Jason, the great cartoonist of I KILLED ADOLF HITLER, ATHOS IN AMERICA, and so on, is the person who didn’t like THE AVENGERS:

…I watched The Avengers and will report that I was bored out of my skull. I found it in English and in 2D, but after only 5 minutes I realized I had done a mistake in buying a ticket. Maybe it’s because I’m an… adult, a 46 years old man? I just felt no connection at all to the story and the characters. Granted, there are some very funny scenes, showing there is room for humour in a superhero film, but the story was just some slapped together old sci fi tropes about oh, some portal to another world, an invasion from outer space and zzzzzzzzzzzzzzzzzz. Who’s in danger? A lot of people, apparently. Millions! Yawn… The Spider-Man films got repetitive with poor Mary Jane being rescued all the time, but at least there you cared a bit for a minute or so what would happen. No, I’m afraid the train is gone. The smoke puffs are getting smaller. The sound of the engine is getting weaker. Etc.

Oh, Jason, you’ll be back when GUARDIANS OF THE GALAXY opens.


  1. Thank God I’m 38 so I have a few more years to enjoy things. My wife, who is no comic book or superhero fan, enjoyed the movie. She prefers Nicholas Sparks and Jane Austen adaptations along with romantic comedies but she was able to sit back and enjoy it. Of course, there’s nothing wrong with not liking the movie but did he have to be so snotty and condescending about it? Or at least did he really need to post such a snotty and condescending review on the internet?

  2. The “I’m an adult” line is completely banal. It’s a pretentious justification to dismiss something rather than express an actual opinion supported by reason. He offers one real line of analysis: “I just felt no connection at all to the story and the characters.” Pointing out that a super-hero film is composed of assembled sci-fi tropes is kind of missing the point; we ALL know that. It’s not the chords; it’s how you play them. For his part, I think that Jason is a good storyteller, but I find his art to frequently be willfully simplistic, as if he’s trying to cling to some pre-conceived confined notion of what his visuals should be without ever breaking out of that very narrow box. Granted, you could call that someone’s style, but his layouts are often very repetitive to the point where the eye wanders even if the intent behind the image is true. I just find it funny that he’d complain about tropes and Mary Jane being in perpetual danger when he uses basically the same artistic bag of tricks and near-flat perspective in everything he does.

  3. I have known people who go to parties and talk about how everyone enjoying themselves suck while they are having a miserable time. You don’t need to tell everyone else that they suck, just leave. That’s the vibe I get from Jason’s review.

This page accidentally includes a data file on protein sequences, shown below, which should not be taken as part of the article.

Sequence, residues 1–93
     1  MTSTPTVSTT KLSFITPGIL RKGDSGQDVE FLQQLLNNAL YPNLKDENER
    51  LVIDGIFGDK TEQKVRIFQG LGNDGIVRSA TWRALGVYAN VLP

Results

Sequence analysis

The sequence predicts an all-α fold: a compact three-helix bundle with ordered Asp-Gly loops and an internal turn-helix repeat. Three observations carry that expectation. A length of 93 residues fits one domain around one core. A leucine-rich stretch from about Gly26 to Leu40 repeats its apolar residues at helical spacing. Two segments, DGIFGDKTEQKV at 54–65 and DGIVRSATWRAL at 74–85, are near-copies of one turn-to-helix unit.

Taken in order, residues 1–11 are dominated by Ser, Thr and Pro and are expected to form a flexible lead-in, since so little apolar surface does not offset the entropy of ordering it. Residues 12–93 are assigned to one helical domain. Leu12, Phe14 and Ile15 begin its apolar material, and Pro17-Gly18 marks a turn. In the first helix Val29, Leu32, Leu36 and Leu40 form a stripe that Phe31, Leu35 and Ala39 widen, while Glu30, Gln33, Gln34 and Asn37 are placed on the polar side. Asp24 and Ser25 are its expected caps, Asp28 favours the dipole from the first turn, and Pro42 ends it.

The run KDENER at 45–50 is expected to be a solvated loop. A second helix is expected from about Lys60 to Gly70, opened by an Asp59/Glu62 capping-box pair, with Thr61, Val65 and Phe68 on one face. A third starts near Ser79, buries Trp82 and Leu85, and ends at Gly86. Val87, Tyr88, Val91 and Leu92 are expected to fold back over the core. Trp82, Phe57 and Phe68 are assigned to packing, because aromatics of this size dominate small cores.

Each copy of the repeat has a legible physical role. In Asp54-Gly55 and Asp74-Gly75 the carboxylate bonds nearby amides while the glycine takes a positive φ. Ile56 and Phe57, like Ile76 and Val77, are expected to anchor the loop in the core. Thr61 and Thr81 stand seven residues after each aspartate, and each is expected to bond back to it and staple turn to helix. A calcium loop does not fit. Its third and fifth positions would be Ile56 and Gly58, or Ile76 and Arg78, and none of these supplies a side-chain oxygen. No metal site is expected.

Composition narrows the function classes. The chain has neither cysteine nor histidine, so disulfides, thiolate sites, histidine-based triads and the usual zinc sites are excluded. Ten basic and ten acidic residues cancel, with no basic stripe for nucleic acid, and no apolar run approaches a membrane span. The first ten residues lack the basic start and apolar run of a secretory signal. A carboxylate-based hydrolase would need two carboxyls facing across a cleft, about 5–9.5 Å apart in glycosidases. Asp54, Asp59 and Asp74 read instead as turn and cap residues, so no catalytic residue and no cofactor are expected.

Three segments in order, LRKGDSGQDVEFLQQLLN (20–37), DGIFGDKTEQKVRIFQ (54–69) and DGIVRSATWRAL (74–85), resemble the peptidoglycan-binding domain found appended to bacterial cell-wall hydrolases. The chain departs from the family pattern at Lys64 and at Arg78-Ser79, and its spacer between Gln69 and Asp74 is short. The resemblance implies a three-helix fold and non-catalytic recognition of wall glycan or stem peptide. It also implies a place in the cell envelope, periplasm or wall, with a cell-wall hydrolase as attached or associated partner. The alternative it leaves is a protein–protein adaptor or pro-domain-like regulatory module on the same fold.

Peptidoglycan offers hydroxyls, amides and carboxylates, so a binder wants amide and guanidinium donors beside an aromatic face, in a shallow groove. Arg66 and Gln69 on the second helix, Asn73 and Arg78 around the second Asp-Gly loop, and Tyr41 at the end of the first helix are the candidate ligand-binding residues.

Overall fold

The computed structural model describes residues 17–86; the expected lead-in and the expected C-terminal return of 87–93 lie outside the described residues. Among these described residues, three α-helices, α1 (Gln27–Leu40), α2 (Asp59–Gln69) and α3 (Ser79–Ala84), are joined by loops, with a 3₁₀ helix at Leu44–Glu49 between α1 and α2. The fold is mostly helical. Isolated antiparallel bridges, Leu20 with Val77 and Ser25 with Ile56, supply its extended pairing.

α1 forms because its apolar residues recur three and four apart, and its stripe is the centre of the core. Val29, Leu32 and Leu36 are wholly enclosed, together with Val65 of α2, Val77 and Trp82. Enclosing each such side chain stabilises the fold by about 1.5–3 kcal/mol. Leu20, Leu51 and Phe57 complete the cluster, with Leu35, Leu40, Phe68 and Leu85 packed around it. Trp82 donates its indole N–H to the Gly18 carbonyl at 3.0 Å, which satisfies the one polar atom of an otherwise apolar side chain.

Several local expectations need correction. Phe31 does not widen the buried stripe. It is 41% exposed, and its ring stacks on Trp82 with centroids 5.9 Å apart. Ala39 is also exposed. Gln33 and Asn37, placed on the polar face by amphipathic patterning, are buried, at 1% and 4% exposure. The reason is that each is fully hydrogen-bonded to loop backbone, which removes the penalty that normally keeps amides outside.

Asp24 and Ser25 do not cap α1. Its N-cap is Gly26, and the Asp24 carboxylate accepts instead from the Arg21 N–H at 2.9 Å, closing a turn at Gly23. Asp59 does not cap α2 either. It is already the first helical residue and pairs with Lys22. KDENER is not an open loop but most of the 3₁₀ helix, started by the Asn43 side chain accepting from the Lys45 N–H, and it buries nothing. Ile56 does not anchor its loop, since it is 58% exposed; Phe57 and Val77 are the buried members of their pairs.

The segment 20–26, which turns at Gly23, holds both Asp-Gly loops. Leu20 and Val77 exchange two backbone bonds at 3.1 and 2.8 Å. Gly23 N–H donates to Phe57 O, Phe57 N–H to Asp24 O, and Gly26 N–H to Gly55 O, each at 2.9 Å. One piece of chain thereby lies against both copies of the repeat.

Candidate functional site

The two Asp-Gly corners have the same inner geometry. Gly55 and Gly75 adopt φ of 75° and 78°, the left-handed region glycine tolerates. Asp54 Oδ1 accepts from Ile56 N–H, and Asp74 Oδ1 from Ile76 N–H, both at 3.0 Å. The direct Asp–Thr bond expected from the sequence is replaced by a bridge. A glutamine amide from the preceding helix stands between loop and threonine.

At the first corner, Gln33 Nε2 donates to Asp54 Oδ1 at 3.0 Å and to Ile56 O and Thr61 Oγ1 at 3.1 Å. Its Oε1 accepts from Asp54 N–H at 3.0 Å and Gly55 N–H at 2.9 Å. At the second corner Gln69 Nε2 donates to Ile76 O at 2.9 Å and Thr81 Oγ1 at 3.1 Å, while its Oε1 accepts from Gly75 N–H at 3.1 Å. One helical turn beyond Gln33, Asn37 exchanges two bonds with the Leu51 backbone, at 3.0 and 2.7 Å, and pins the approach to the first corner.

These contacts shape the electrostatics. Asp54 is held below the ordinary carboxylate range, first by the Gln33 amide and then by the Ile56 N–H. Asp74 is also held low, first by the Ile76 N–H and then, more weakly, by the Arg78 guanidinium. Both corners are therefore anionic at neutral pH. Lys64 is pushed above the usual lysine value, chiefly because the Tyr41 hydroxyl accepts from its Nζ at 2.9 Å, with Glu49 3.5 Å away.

4. Jason makes some superbly funny comics. I like that guy.

    Plus, since he liked the parts that I liked of the movie (the funny bits) we are still Spirit Bros.

    <3 you, Jason!

  5. I haven’t yet seen The Avengers, but I agree with Jason in principle. As enthusiastic and popcorn-giddy as the film no doubt is (and there’s nothing at all wrong with that), I can’t separate it from its primary function as cinematic fast food. After a decade-plus of this superhero cycle (if you go back to X-Men, at least), I think all their primary flavors have been exhausted. The train has left the station, as he says.

    I’ll get around to seeing it eventually on DVD or Netflix, when I’m in the mood for fast food. But when did “Your Favorite Superhero(es): The Movie” become the aphrodisiac of comics and fandom? It’s like getting excited for another variety of shake or McSandwich, when there’s infinite culinary variety all around us.

    Then again, I’m just about Jason’s age, and fully embrace my developing curmudgeonhood.

  6. The movie had lots of good bits of business but the overall storyline was pretty poor and (Jason is right to a degree) often tiresome.

    I don’t think it that I’ve lost my sense of wonder (or any of that crap) — I simply didn’t care so much about all the stuff w/ the Cosmic Cube, Fury talking to the Illuminati or watching the heroes argue about “if they should be a team” — all this played for me more as exposition than drama (never a good thing).

    One of the best scenes for me was the little bit w/ Harry Dean Stanton talking to Bruce Banner in the damaged building, which featured no CG or costumes, and otherwise had little to do w/ the rest of the movie. What you had here was some really good/clever dialogue: “Are you an alien, like from outer space? No…well son, then you got a condition”

    What the movie did deliver was a spectacular final 40 minutes of CG mayhem which presented one thing never seen before: a whole lot of Superheroes fighting side by side in a live action movie.

    Problem was that we just saw Loki fight Thor last year so watching him battle all these guys (backed by an army of faceless, nameless whoevers) wasn’t so much. I AM ALSO BORED BY SEEING NY BLOWN UP YET AGAIN.

    Wouldn’t it have been a lot better if Loki had convinced The Hulk to join him in attacking The Avengers during the earlier acts??

    The Avengers wasn’t a terrible movie – but the best superhero movie so far this year is CHRONICLE.


  7. Lot of irony in saying the Avengers was nothing but boring sci-fi tropes and generic villains when you write a time travel story with Nazis as if they were still a relevant villain in 2012.

    Nice to see self-awareness in the comics world is still at an all time low.

  8. It’s what you do with the tropes, Johnny. If you can’t tell the difference in storytelling between a Jason graphic novel and a superhero movie, I pity you.

    BTW, in a part of the post I didn’t quote, Jason admits he will go see the next Batman movie. So there is hope for his immortal soul after all.

  9. “The “I’m an adult” line is completely banal.”

    Yeah, everyone’s entitled to their opinion but the worst sort of sophistication is faux sophistication.


  10. “the best superhero movie so far this year is CHRONICLE.”

    Except it’s a super-villain movie, which is really what’s so great about it.


  11. William Saletan on THE AVENGERS:

    Just saw The Avengers. Short review: $200 million that would have been better spent on negative political ads.

    He writes a lot about ethical problems in society, though, so his outlook on most things might be negative.